Friend: “Let’s go have ‘shiok’ maki for lunch today!”
Me: ” ‘Shiok’ maki, what’s that?”
Friend: <eyes widen in horror>”YOU NEVER TRIED SHIOK MAKI BEFORE?!!?!”
Ok, so I guess I must have been living under a shell since I’ve never heard of Shiok Maki up until now. But I sure am glad that I finally doooo… 🙂 If you are a fan of salmon aburi sushi and maki, then chances are you will love the Shiok Maki.
When I reached the entrance of Koh Grill & Sushi Bar – the home of the famed Shiok Maki – I understood why I hadn’t discovered the food here earlier, it didn’t seem like a place that one would expect pretty decent japanese fares, let alone delicious good quality ones. In fact, I have walked by this eatery many times before, but I was never drawn enough to walk in and give it a try.
Situated on the 4th floor of Wisma Atria, Koh Grill & Sushi Bar is one of the 3 mini restaurants located within Food Republic. There are no walls separating the different mini restaurants and the different food and drink stalls within Food Republic, hence the atmosphere of the sushi bar felt very open and unlike a restaurant, leading me to perceive it as a cheap fast food quality sushi place. But as they say “never judge a book by its cover”, sometimes behind a humble setting lies await a tantalizing experience!
The place is a modest little space within a food court. It has a bar counter seating that looks directly into where the chef’s kitchen is. The rest of the seating are little wooden tables and chairs. Sometimes if it is crowded, you might be asked to share a long table with other guests.
Before I get to the food, it should be noted that despite the satisfying fare, you might find the service here wanting. Definitely not the friendly nor decent customer service experience that every good food place should have. It seems that there is a short-hand of staff as the waiting time for the food is extremely long especially during peak periods. I once came at 1plus in the afternoon and another time at 3 plus, and both times it took at least 30mins for the first dish to arrive and even longer for the rest to come. Whenever I called on the waitress to check on my food, I always received short and curt replies that it is coming, just wait. It is also very difficult to get the servers’ attention as they are always busy doing something and manage to magically avoid eye contact like a ninja. The tea and water won’t be refilled unless you ask them to, hence I was left thirsty most of the time since it wasn’t easy getting their attention. But then again, being a mini restaurant and situated beside food stalls where self service is the norm, I didn’t expect much from the service to begin with. On another note, my friends who have gone there at non-peak periods have said that the waiting time is slightly faster and the service better so maybe I just picked the wrong timings to visit.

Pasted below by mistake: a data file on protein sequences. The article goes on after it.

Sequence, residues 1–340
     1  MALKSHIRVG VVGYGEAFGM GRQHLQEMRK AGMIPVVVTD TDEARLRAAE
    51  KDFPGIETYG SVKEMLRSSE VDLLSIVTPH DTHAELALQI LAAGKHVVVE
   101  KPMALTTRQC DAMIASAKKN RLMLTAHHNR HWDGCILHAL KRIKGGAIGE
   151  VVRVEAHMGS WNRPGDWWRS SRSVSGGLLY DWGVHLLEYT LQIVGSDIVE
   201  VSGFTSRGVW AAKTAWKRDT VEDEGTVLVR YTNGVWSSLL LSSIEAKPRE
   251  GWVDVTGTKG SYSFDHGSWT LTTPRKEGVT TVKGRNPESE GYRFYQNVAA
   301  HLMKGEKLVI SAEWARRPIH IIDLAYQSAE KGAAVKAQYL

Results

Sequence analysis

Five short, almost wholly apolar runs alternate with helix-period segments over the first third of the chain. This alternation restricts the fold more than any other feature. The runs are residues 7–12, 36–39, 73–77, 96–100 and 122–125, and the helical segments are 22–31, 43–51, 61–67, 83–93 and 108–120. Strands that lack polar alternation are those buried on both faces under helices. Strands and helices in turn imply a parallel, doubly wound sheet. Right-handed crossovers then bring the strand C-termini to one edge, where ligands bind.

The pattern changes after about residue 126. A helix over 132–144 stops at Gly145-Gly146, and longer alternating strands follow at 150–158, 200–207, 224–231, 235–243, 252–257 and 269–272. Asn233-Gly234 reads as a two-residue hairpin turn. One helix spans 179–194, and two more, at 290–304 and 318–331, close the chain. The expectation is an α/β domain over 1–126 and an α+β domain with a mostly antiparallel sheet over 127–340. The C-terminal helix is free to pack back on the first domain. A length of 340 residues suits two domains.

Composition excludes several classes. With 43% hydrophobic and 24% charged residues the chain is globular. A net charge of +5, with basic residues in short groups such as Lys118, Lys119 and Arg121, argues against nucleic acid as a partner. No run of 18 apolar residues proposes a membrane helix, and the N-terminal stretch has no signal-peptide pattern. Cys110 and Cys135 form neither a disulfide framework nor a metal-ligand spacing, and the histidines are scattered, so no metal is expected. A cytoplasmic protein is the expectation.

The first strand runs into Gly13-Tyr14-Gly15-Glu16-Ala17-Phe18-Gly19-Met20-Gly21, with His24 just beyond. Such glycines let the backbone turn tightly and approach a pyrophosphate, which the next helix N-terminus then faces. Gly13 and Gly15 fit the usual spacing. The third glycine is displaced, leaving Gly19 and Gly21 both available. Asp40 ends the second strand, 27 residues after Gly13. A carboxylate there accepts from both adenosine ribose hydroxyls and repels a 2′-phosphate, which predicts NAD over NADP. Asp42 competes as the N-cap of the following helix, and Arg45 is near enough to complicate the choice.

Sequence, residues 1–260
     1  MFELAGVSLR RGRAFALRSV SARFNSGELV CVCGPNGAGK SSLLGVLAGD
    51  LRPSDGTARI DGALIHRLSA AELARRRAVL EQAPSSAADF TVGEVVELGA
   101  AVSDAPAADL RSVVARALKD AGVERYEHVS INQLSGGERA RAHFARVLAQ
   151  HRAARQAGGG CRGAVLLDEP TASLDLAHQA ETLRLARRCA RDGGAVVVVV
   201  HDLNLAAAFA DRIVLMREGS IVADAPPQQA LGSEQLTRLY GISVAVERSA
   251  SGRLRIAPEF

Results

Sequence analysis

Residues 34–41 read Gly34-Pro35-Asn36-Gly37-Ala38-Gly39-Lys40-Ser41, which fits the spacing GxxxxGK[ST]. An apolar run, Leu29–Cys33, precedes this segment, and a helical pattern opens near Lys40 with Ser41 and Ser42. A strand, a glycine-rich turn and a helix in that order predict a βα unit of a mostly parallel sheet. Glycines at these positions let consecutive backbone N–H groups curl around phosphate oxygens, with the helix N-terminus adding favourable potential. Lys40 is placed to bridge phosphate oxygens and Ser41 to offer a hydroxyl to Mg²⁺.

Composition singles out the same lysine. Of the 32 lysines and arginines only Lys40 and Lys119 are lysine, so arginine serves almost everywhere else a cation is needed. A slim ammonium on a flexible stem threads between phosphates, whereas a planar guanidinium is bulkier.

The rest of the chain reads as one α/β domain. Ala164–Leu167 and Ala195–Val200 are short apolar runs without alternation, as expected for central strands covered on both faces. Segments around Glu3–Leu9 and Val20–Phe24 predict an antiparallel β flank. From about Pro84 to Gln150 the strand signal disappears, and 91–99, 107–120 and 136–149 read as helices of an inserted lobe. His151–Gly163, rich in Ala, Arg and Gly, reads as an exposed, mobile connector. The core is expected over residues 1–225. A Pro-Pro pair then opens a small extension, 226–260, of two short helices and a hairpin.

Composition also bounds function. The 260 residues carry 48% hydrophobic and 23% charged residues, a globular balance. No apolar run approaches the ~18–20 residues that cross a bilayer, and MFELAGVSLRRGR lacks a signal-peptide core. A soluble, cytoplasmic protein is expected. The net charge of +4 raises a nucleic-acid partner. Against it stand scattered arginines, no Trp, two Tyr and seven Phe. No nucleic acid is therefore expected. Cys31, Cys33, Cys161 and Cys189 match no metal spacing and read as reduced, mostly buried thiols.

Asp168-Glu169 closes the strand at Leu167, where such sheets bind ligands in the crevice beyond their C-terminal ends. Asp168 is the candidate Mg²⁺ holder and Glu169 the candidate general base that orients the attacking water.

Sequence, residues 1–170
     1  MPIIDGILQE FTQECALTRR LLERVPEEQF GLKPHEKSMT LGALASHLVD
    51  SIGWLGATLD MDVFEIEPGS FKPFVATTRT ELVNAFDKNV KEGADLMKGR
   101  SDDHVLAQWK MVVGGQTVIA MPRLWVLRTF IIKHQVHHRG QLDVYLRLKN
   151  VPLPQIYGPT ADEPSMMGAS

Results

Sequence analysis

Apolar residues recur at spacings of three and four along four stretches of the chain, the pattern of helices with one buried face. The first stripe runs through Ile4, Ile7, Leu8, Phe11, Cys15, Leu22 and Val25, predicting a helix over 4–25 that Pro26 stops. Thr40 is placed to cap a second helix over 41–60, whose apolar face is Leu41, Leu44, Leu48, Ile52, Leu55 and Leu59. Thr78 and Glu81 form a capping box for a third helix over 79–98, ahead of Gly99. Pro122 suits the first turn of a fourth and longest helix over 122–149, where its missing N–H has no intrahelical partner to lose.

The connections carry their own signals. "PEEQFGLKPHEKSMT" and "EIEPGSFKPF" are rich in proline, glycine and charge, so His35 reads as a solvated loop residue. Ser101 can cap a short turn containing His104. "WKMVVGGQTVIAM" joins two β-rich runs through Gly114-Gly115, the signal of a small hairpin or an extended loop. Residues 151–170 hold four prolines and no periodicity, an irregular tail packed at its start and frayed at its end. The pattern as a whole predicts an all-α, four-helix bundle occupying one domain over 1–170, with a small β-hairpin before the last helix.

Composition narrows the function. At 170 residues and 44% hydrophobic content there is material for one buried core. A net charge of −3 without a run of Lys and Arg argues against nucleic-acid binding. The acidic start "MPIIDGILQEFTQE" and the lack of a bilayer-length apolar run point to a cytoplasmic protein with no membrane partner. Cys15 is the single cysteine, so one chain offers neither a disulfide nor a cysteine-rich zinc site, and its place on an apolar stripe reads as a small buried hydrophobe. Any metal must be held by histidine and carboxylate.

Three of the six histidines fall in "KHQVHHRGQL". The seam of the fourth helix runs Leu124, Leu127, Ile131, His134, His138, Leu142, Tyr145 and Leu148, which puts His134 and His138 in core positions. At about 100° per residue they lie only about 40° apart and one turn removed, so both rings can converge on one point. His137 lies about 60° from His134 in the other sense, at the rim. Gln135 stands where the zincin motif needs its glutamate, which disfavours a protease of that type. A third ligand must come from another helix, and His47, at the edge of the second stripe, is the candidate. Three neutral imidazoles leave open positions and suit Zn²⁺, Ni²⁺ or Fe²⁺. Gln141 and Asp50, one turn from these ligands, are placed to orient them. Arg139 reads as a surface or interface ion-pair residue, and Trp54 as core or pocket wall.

Moving on to the food, I was surprised by the wide selection available from the menu. There were grilled items (yakitori sticks), sushi, sashimi, makis, ramen (noodles) and bento sets, so I would say there’s something for everyone in the menu. I ordered the Shiok Maki, Century Egg Tofu, Pitan Maki and a bacon asparagus yakitori. And boy were they yummy!
Shiok Maki ($16.80) – This rice roll was a sheer delight. It contains eel and avocado slices rolled up in rice, topped with lightly seared salmon and tobiko roe, drenched in a sweet creamy sauce that tasted like miso paste and mayonnaise. It was a melt in your mouth SHIOK experience, definitely a perfect match for the Singaporean palate – rich, tasty and over-the-top! The portion is perfect as a main course for 1 person, but sharing is a recommended option if you want to leave room to try other stuff:)
Pitan Tofu ($4) – This century egg tofu dish is excellent and one of the nicer ones that i have tried so far. The sauce is mostly made from the yolk of the century egg, but the taste differs from restaurant to restaurant depending on what they add in their sauce mix. The egg “white” is chopped into tiny pieces and drizzled over the tofu and sauce together with tobiko roes and spring onions. At Koh Grill & Sushi Bar, the taste of the sauce is smooth and sweet. I like how the odour and taste of sulphur and ammonia that is common in century eggs is subtle and not noticeable here, which is not the case in most other cheap places. Sometimes other restaurants are stingy with the sauce making the dish a little dry, so I really enjoyed how generous the serving of pitan sauce was here. There was enough to eat with the tofu and still have a decent amount left over to savour alone.
Yakitori – There’s not much to say here except that it was decent and not too burnt. Overall your typical average decent quality grilled stick.
Pitan Maki ($16.80) – Being an avid lover of century eggs, I just had to try the pitan maki since I really loved the pitan sauce that came with the century egg tofu. I have never tried pitan sauce with sushi rolls before so I was pretty excited to see what the taste is like. Overall, it was nice. Century egg lovers will certainly like this maki, but for me I thought that it was a bit dry eating pitan sauce like that. The taste is more delightful when complimented with a tofu, so I will stick with just the pitan tofu in the future.
RESTAURANT: Koh Grill & Sushi Bar
SPIED AT: Wisma Atria Singapore Level 4, #04-02/14
435 Orchard Road, Singapore (238877)
RESERVATION NUMBER: 6836 0609